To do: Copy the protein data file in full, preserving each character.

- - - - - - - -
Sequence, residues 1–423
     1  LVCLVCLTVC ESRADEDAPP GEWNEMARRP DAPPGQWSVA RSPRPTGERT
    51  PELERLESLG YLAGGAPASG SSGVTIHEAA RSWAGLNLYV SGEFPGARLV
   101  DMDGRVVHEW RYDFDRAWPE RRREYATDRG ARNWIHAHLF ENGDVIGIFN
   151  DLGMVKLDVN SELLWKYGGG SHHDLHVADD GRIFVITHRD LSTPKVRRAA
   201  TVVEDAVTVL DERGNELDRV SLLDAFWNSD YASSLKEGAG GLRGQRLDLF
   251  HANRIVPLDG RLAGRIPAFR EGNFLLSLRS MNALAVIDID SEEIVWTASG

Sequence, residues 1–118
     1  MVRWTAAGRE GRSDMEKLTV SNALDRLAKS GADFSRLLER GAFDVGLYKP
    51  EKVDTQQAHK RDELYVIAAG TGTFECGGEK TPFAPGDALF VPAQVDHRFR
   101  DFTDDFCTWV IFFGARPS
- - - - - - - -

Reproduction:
Sequence, residues 1–423
     1  LVCLVCLTVC ESRADEDAPP GEWNEMARRP DAPPGQWSVA RSPRPTGERT
    51  PELERLESLG YLAGGAPASG SSGVTIHEAA RSWAGLNLYV SGEFPGARLV
   101  DMDGRVVHEW RYDFDRAWPE RRREYATDRG ARNWIHAHLF ENGDVIGIFN
   151  DLGMVKLDVN SELLWKYGGG SHHDLHVADD GRIFVITHRD LSTPKVRRAA
   201  TVVEDAVTVL DERGNELDRV SLLDAFWNSD YASSLKEGAG GLRGQRLDLF
   251  HANRIVPLDG RLAGRIPAFR EGNFLLSLRS MNALAVIDID SEEIVWTASG

Sequence, residues 1–118
     1  MVRWTAAGRE GRSDMEKLTV SNALDRLAKS GADFSRLLER GAFDVGLYKP
    51  EKVDTQQAHK RDELYVIAAG TGTFECGGEK TPFAPGDALF VPAQVDHRFR
   101  DFTDDFCTWV IFFGARPS